Most people believe that they would most certainly not confess to a crime that they did not commit.  However, studies show that under the conditions of an interrogation, false confessions are a huge problem that cannot be overlooked. 

Law enforcement officers often give details to crimes leading suspects in the direction that they wish him or her to go.  For example, the officer may tell the suspect that he knows he used a shovel.  He knows he used a shovel to hit him.  And he hit him in the head.  He hit him in the head over and over.  This goes on for hours, wearing the suspect down.  Finally, after hours off camera, the suspect knows all of the details of the offense.  Then the suspect cries out yes!  Then the camera is turned on and he gives the entire narrative after it has been fed to him. 

Confessions are unreliable.  Children and people with mental disabilities are especially easy to manipulate and are susceptible to false confessions.  In addition, impaired mental states because of drugs or alcohol, or mental illness also contribute to false confessions.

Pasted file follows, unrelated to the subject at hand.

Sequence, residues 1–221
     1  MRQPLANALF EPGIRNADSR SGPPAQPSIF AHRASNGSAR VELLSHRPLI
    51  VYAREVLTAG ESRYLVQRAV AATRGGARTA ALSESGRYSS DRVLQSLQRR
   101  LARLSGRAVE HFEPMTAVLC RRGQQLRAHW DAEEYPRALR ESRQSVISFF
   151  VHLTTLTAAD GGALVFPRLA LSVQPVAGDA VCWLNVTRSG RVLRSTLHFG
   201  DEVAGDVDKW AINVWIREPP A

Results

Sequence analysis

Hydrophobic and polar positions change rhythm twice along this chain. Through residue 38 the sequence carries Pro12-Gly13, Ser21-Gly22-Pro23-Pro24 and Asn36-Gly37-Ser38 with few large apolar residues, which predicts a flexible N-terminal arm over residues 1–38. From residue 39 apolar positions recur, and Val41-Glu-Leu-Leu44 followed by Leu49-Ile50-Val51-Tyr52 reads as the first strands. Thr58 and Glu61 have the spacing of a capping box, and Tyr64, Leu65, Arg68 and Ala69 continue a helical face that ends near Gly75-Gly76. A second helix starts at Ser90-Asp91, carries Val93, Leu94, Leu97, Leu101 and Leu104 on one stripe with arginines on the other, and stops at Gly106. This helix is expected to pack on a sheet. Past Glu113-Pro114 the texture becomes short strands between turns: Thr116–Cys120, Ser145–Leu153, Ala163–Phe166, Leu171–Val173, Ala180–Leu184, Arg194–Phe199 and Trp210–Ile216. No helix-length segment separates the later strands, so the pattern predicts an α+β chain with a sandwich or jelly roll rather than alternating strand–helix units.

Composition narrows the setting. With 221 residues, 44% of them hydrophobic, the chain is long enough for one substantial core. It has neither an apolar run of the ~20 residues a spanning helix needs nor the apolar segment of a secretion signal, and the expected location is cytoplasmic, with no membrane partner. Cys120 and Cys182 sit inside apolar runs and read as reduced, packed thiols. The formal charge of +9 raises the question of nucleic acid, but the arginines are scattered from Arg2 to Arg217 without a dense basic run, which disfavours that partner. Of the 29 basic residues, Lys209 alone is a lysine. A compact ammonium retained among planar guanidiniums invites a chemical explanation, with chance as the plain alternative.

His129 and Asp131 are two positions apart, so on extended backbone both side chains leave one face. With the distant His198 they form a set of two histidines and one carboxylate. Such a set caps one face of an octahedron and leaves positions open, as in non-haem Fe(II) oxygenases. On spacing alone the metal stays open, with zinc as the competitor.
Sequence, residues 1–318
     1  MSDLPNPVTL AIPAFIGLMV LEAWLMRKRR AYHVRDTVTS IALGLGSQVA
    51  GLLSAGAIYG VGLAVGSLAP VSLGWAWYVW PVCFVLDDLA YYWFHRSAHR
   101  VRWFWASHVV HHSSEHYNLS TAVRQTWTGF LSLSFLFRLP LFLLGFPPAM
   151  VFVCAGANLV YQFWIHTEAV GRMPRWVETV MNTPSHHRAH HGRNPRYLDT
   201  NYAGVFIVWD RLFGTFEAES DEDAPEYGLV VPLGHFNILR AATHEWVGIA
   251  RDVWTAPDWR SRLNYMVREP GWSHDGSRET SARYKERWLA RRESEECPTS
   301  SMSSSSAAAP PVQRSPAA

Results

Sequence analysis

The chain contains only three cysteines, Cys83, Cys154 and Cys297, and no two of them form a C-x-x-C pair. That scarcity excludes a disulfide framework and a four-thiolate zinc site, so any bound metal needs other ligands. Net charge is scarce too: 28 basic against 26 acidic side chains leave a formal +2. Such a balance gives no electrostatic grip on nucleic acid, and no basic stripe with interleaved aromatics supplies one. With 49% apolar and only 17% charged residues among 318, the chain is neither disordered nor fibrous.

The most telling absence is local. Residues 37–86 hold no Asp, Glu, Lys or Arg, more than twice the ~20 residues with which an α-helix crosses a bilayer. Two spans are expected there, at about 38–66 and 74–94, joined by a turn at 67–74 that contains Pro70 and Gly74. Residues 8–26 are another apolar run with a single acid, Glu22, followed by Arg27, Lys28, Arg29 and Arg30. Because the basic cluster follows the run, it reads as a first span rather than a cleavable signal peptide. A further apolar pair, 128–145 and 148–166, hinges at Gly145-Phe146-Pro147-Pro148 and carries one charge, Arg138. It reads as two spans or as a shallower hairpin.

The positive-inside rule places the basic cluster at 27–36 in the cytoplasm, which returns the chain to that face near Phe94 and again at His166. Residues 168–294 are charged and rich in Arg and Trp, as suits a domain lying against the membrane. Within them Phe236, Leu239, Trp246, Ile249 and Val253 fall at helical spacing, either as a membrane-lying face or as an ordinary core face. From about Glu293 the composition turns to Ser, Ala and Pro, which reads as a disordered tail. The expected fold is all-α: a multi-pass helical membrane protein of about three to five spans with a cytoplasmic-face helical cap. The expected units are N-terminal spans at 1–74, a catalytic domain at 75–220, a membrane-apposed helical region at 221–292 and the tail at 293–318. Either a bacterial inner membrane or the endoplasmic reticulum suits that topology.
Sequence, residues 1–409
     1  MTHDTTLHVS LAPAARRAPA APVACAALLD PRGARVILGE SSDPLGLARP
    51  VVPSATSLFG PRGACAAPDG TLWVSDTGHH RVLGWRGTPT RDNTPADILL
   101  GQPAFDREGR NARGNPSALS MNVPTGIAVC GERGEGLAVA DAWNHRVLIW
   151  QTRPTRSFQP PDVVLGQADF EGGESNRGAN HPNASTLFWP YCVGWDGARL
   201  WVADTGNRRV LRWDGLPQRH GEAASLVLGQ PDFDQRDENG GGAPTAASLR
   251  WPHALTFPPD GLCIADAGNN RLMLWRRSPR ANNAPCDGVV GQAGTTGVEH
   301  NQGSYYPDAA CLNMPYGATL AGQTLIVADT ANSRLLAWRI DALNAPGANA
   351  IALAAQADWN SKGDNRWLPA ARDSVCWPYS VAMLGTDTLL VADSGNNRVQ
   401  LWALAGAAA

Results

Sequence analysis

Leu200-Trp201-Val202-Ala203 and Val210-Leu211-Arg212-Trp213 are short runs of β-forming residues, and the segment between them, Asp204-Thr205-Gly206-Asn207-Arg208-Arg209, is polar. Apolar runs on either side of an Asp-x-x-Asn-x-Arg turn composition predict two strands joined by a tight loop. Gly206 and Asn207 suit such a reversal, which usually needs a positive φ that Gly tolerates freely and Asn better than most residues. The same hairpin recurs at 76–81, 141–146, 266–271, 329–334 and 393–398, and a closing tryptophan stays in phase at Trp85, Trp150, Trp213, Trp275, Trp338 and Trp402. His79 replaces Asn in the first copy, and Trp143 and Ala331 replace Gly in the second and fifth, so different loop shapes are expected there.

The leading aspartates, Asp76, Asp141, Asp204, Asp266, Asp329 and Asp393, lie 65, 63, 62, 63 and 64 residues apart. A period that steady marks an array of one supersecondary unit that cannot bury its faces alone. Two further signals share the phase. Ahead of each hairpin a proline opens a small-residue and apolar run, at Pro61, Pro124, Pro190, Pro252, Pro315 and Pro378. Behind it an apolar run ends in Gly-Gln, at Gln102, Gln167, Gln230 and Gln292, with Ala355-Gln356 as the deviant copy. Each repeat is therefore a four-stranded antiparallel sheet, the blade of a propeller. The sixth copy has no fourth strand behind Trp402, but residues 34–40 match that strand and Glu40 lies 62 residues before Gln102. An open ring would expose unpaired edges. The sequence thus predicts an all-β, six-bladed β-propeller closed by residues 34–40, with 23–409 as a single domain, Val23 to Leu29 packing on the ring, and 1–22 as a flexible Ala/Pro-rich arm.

People don’t realize that it is perfectly legal for law enforcement officers to use deception, to outright lie, to obtain a confession.  Suspects may be told things like, we know you did it.  We already have the forensic evidence to prove it.  We have your fingerprints.  We have the weapon.  The list goes on.  None of this has to be true.  After hours of hearing that law enforcement has all of this evidence against you, it makes a person susceptible to give a false confession. Some are told they will be convicted and if they confess their sentence will be more lenient.  Law enforcement has no control over sentencing or over plea deals.  Those decisions are left to judges and state attorneys.